STEVE INSKEEP, HOST:
The United States is trying again to force the Taliban to negotiate in Afghanistan through 16 years of war - 16 years as of this month - that has been the hardest part. President Trump's new strategy for the war called for sending more troops and giving no timeline for their withdrawal.
NPR's Tom Bowman was recently in Afghanistan and spent a day with the man who has to make the new strategy work.
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TOM BOWMAN, BYLINE: General John Nicholson sits with his fellow NATO officers and Afghan officials inside a massive aircraft hangar at a base in the northern city of Mazar-i-Sharif. It's a change of command ceremony, handing over command of the training effort here from one German general to another. Nicholson gets up to speak and sends a pointed message to insurgent fighters.
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JOHN NICHOLSON: The Taliban cannot win, and they have no choice but to reconcile. The good news is that reconciliation is possible because of the hard work and the sacrifice of the Afghan National Security Forces and the Afghan people.
BOWMAN: Before long, Nicholson heads back to his headquarters in Kabul. He settles into his wood-paneled office lined with plaques, pictures and ceremonial swords. He spent more time in Afghanistan in various jobs than any other senior American officer, a total of five and a half years.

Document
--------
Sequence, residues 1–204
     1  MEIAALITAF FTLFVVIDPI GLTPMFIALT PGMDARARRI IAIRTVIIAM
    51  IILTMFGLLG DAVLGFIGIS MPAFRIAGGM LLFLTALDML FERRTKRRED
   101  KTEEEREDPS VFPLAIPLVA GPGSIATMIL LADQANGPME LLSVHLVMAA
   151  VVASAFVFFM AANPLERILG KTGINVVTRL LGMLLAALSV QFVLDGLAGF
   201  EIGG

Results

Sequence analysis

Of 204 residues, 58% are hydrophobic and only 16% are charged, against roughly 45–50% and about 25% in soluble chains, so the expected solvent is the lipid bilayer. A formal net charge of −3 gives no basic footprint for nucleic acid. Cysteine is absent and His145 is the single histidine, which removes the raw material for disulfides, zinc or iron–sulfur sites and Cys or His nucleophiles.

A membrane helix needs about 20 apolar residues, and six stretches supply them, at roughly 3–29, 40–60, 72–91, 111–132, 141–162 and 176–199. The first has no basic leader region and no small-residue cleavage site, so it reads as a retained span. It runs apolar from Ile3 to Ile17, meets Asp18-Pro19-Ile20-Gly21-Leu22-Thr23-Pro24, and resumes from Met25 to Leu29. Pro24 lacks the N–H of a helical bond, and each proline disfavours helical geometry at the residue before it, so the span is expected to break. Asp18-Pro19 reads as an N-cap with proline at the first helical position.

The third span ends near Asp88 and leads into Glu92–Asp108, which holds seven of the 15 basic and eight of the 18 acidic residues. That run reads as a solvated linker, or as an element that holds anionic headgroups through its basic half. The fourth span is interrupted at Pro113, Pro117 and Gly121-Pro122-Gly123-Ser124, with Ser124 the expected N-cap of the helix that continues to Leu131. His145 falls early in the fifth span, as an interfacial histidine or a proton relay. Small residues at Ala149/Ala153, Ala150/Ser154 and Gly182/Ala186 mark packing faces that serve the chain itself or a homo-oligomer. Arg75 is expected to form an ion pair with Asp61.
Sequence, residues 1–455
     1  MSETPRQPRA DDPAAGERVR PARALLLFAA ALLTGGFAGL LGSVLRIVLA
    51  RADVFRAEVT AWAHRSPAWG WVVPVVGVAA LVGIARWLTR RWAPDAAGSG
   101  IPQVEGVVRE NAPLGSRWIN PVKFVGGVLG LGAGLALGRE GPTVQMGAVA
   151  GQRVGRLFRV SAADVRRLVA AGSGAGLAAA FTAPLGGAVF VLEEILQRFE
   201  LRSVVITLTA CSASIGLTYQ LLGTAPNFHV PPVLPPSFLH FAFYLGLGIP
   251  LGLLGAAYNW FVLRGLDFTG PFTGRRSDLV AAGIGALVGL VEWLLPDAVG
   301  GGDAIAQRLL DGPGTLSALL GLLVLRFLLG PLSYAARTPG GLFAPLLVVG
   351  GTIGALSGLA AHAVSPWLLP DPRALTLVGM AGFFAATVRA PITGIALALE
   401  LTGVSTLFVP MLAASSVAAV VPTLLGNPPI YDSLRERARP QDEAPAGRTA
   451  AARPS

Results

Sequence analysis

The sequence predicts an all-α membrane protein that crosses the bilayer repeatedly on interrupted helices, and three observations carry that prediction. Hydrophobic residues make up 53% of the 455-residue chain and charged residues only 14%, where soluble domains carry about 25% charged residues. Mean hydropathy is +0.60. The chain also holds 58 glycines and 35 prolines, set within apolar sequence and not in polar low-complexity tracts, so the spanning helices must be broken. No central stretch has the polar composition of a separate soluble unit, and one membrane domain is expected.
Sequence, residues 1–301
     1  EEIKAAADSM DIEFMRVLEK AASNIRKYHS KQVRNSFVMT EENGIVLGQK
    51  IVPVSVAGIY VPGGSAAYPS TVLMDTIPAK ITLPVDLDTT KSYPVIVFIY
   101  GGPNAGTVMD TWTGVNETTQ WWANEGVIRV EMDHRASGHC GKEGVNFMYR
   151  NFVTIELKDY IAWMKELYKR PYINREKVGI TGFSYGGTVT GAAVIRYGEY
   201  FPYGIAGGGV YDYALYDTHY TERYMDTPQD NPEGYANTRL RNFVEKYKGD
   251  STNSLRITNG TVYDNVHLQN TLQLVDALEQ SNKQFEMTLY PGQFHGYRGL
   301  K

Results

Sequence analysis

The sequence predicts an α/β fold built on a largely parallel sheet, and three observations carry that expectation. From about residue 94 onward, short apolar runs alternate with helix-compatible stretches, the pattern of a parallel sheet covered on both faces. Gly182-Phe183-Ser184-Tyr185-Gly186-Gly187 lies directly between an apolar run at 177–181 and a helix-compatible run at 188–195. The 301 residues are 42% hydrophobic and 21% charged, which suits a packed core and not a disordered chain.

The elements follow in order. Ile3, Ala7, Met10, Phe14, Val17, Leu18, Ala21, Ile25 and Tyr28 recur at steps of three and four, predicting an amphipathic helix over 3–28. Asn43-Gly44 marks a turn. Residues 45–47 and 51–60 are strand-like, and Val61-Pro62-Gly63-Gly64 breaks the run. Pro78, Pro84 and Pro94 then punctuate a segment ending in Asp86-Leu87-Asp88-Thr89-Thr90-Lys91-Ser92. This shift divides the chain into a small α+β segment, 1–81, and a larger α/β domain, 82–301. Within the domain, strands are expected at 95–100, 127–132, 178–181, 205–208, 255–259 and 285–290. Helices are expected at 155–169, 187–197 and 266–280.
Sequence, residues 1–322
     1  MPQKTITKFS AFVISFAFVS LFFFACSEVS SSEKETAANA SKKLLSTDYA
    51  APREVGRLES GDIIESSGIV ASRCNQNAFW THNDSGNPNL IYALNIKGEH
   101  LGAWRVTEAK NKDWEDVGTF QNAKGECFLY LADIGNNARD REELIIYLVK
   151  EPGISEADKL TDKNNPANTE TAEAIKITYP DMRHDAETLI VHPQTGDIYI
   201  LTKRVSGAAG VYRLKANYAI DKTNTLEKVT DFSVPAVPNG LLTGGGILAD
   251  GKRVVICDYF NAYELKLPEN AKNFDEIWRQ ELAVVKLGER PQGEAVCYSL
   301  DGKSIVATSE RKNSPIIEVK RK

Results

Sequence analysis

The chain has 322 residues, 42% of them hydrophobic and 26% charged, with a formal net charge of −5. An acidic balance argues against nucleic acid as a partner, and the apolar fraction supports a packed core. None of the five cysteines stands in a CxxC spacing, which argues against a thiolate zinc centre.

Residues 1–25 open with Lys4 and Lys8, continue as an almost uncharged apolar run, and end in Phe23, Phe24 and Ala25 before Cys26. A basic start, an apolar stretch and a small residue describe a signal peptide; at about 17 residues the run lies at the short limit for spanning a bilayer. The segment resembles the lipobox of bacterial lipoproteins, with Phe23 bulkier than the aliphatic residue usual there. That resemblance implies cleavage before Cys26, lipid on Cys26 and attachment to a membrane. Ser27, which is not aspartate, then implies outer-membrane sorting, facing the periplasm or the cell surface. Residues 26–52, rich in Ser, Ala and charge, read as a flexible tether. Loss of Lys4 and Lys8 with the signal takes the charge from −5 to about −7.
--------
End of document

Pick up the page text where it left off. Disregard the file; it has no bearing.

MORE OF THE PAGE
Nicholson's a genial West Point graduate with salt-and-pepper hair and a renewed confidence. That's because the White House gave him more authority to attack the Taliban, more warplanes and drones to mount punishing airstrikes and a few thousand more American troops to advise the Afghans. Just seven months ago, Nicholson said the Afghan fight was at a stalemate.
NICHOLSON: With the policy decision announced by President Trump, it sets the conditions for us to get to a peaceful resolution of this conflict.
BOWMAN: Is it still a stalemate?
NICHOLSON: It is a stalemate right now. I mean, the authorities, the troops, the air are newly arrived. But with these, we can now move this in the right direction.
BOWMAN: The general says key parts of the plan include, over the next several years, doubling the size of the Afghan commandos, the army's best fighters, and doubling the size of the Afghan Air Force, providing its pilots with modern American helicopters to replace the aging Russian ones. Maybe more importantly, the troop drawdowns and deadlines of the Obama administration are no more. Conditions on the ground, success against the Taliban, will be the new metric.
NICHOLSON: It's absolutely critical. So that plus the Pakistan piece were absolutely critical.
BOWMAN: The Pakistan piece - that means getting rid of the Taliban safe havens in Pakistan just across the border. Since the 9/11 attacks, Pakistan has ignored pleas, threats and the withholding of aid money from the U.S. to eliminate these sanctuaries, which the Taliban uses to plan and regroup. Nicholson says he can't be successful while those safe havens exist.
NICHOLSON: The president said, you know, no partnership can survive when one of the partners is providing safe haven to terrorists who are attacking the other. So...
BOWMAN: But they've been providing safe haven for years and years and years. What's different?
NICHOLSON: Well, number one that's different is that those conversations are going to occur at the highest level of government. And I don't want to insert myself into that.